Work hard vs. work smart LO18681)
Sun, 19 Jul 1998 17:51:18 -0700

Replying to LO18615 -- was: Caring

Bill Harris writes:
> BTW, I have found that I need some amount of involvement (i.e., time) with
> the problems at work to immerse myself in them. I also need some amount
> of re-creation time away from work to be refreshed and able to contribute
> (ignoring, for a minute, the value of that re-creation on its own). That
> is, I can be more productive at work (or so I seem to observe) with a
> hard-worked reasonable work week that also has time for other things than
> by working many more hours and having no time for other things. When I
> work a reasonable week, I take time at nights to make notes for my work,
> when inspiration strikes. When I worked 80 and more hours in a week, I
> wouldn't take _any_ time at home to make notes of any inspiration which
> struck, even if making those notes woould save me time the next day; I
> _needed_ those few hours to myself or for my family and me.

There's another negative aspect of 80-hour weeks as a regular diet (which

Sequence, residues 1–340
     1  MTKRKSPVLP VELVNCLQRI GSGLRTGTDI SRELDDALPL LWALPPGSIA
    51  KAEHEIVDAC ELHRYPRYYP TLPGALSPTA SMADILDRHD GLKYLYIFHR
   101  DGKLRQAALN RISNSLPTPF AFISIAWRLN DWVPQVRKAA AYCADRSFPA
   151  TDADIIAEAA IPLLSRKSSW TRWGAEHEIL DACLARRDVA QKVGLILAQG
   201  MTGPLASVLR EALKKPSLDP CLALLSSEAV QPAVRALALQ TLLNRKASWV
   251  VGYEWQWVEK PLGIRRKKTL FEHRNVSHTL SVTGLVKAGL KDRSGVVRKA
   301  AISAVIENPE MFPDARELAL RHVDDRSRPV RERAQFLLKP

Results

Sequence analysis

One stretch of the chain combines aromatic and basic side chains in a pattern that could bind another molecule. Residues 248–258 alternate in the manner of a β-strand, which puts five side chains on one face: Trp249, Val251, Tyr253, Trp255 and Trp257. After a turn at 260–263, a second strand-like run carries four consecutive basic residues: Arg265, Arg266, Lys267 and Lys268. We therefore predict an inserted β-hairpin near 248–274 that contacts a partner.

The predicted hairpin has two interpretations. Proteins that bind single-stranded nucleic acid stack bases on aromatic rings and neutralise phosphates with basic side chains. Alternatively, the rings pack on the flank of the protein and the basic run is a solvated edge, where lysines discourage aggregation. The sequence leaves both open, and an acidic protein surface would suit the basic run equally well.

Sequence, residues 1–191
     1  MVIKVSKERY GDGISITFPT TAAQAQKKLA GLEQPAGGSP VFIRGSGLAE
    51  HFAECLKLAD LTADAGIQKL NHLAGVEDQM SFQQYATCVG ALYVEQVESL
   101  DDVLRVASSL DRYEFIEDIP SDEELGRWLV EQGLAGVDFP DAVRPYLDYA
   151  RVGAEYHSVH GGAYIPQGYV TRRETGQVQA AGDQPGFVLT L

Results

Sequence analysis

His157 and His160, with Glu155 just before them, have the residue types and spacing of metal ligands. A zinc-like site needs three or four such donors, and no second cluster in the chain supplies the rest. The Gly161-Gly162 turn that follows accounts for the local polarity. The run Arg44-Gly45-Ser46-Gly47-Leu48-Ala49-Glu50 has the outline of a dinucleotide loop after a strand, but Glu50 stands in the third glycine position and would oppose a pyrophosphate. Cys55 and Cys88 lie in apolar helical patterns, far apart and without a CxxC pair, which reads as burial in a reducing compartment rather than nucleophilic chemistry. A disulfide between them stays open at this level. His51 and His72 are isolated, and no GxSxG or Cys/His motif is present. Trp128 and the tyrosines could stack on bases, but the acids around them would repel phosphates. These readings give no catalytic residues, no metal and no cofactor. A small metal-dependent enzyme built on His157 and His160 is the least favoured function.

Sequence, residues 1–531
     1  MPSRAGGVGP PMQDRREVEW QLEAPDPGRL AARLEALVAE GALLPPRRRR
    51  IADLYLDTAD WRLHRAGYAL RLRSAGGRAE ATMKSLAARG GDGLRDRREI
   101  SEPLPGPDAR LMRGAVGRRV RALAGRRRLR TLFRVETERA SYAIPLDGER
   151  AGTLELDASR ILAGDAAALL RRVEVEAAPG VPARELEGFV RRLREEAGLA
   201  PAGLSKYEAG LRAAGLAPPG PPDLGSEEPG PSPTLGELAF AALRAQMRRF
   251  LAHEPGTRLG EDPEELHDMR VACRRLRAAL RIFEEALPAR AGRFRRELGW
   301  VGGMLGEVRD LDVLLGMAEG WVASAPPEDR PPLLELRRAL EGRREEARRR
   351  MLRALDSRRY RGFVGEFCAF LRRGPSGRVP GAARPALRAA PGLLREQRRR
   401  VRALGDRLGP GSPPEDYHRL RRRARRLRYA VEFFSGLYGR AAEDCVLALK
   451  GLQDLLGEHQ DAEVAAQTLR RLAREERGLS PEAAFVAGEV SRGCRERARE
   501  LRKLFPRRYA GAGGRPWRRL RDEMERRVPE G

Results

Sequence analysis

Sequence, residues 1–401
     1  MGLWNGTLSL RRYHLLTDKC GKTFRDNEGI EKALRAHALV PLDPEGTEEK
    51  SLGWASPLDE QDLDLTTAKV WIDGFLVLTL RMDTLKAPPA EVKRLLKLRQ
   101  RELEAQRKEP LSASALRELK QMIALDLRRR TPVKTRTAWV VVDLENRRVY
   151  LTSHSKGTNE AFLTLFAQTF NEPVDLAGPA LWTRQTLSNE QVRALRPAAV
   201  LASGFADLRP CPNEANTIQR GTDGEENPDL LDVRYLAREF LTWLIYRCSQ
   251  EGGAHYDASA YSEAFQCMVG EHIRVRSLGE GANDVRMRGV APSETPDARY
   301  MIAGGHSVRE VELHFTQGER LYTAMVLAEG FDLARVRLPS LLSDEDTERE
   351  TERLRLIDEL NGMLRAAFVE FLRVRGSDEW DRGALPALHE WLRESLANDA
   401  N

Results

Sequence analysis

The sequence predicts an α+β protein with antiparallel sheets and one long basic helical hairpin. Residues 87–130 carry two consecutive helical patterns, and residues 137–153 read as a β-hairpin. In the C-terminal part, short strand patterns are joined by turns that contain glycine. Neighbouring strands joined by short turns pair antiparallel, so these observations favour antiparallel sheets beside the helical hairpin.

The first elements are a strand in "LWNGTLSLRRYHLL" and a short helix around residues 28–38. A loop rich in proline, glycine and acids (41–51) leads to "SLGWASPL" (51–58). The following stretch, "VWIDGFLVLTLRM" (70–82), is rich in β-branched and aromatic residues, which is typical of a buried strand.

you allude to in the above paragraph): you get stupid, and make more
mistakes. I've seen this happen in software "death marches", but I
believe it can happen anywhere. If you think about the basic quality
message of Deming, Crosby, et al., you can infer that there has to be a
point where any additional productivity you gain by working more hours is
offset by the lossage due to introduced defects and other aspects of
"working dumber". As a personal matter, this is a lesson I've learned the
hard way over the years.


Don Dwiggins SEI Information Technology "The world that we have made as a result of the level of thinking we have done thus far creates problems that we cannot solve at the same level as they were created." - Albert Einstein, 1946

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